-- select dateadd(n, 2147483647, cast(0 as DateTime))



-- Round down to nearest 15 minute interval (avoiding any rounding issues)

select dateadd(n,(DATEDIFF(n, cast(0 as DateTime), @adate)/ 15) * 15, cast(0 as DateTime))


-- Round to nearest 15 minute interval (avoiding any rounding issues)

select dateadd(n,((DATEDIFF(n, cast(0 as DateTime), @adate) + 7)/ 15) * 15, cast(0 as DateTime))

As noted, they have the limitation of working only until 5983 AD, but I figure I won’t be around!

Saturday, February 12, 2011


How to Configure SQL Server 2005 to allow Remote Connections

Just so I remember where this article is (also applies to SQL Server 2008 Express):

How to configure SQL Server 2005 to allow remote connections

Friday, February 11, 2011


Mark Russinovich: “Zero Day”

Microsoft Technical Fellow and all-round Windows Internals expert, Mark Russinovich, has an upcoming book release. And this time it’s not a new edition of ‘Windows Internals’!

His fiction debut, Zero Day, is set in a world completely reliant on technology (sounds familiar), and surrounds the events of cyber infrastructure attacks released on a largely unprepared world.

Sunday, February 06, 2011


How to give great presentations

Assuming your user group is actually holding meetings :), User Group Support Services (UGSS) have released a series of videos on “How to give great presentations” aimed at first time speakers and anyone wanting to improve their skills (I know I need to):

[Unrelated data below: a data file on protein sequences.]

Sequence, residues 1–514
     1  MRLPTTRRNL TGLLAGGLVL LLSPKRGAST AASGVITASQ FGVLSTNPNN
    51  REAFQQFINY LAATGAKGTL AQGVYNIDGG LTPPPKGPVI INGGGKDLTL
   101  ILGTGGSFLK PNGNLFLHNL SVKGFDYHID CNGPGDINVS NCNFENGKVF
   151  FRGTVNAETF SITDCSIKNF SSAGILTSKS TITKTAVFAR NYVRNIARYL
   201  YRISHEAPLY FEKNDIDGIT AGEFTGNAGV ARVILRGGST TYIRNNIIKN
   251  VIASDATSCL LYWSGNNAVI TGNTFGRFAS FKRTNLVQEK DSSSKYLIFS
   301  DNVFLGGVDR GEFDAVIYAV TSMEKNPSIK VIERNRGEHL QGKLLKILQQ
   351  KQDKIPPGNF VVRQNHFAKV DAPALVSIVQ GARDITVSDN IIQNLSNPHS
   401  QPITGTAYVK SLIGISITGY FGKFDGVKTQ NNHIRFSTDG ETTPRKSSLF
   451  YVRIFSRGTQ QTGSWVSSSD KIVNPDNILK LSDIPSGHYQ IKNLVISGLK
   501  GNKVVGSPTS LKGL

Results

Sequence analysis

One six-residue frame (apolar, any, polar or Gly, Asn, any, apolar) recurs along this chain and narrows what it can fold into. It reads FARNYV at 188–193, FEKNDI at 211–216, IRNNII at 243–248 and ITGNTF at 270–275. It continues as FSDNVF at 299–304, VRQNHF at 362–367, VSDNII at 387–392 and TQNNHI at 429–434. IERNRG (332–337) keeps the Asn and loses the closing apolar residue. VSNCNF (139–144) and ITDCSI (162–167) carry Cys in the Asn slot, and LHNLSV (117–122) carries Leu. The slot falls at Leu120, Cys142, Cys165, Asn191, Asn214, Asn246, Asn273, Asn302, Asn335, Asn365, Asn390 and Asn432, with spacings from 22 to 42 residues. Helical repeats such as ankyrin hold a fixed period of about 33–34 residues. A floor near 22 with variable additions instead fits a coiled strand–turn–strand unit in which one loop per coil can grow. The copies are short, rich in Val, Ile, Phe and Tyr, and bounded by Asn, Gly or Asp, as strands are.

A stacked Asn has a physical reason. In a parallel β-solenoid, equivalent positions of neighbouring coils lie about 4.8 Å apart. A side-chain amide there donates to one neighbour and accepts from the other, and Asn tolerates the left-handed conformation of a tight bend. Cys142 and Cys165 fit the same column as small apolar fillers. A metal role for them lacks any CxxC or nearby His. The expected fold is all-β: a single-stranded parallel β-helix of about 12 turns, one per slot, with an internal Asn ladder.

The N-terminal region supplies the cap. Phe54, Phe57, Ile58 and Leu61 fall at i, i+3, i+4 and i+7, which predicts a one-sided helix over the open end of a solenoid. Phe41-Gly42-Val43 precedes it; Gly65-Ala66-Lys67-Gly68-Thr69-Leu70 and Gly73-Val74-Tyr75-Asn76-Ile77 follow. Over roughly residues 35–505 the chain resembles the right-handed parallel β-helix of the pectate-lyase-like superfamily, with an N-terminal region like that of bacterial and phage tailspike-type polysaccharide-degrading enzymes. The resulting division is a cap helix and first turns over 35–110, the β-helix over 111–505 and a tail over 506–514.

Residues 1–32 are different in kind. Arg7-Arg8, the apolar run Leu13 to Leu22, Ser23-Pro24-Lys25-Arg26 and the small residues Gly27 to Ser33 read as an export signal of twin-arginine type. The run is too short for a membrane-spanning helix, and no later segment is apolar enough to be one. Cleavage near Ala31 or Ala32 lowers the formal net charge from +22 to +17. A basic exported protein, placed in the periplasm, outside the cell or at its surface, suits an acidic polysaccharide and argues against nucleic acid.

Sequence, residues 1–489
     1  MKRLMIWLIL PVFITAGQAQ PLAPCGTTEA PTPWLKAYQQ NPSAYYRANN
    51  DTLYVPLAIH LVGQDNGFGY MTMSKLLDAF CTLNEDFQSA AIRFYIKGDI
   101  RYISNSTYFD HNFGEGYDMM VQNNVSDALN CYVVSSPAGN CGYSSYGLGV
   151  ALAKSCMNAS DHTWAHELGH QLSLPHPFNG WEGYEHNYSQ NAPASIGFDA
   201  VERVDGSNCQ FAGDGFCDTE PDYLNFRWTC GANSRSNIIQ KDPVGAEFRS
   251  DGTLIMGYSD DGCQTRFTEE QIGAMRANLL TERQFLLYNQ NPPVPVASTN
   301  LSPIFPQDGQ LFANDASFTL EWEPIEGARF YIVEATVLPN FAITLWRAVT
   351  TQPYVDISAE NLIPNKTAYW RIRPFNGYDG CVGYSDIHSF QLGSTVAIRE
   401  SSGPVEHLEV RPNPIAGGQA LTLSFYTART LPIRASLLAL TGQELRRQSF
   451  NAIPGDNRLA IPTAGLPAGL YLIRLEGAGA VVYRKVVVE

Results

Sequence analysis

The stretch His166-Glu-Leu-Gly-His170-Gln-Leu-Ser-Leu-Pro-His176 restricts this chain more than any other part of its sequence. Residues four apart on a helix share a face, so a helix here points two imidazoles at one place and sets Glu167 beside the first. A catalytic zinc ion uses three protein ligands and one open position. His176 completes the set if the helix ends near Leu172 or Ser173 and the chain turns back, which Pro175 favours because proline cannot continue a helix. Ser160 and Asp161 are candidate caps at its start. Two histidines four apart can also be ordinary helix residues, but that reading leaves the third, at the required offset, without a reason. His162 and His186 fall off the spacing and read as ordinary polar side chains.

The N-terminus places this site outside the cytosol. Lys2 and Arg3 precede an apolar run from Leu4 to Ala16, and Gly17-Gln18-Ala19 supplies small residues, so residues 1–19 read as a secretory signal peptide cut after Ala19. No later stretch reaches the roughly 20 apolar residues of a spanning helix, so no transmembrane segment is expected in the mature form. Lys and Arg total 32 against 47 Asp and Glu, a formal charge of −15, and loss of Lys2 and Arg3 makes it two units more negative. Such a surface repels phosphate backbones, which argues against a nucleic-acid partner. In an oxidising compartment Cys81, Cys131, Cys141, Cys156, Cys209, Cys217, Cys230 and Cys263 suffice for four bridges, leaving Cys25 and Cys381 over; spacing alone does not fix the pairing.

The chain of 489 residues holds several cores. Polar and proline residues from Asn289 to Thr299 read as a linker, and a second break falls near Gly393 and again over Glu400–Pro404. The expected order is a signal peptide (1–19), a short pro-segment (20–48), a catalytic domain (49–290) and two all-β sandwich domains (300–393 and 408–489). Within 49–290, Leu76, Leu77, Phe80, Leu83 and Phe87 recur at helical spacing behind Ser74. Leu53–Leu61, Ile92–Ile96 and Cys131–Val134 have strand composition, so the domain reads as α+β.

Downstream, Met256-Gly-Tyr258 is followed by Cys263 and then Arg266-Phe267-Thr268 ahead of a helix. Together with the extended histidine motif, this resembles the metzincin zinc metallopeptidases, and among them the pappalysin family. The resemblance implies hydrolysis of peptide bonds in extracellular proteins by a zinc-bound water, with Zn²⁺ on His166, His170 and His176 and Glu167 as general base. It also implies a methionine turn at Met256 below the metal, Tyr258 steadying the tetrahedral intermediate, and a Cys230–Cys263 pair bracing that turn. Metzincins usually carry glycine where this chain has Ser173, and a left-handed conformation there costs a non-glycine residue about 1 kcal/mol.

This video series guides you through what you need to know to give your first presentation or to improve your existing presentation skills. You’ll learn how to choose the right subject for you, how to break subjects up so that your explanations and demonstrations are clear and understandable, how to construct your slide deck so that it covers essential subjects without sending your audience to sleep, why being nervous is completely normal and what you can do to make it manageable, tips and tricks for giving great demonstrations, how to prepare your laptop so that it does not fight you while you are presenting and finally how to deliver the presentation that you have worked so hard creating.


Powered by Blogger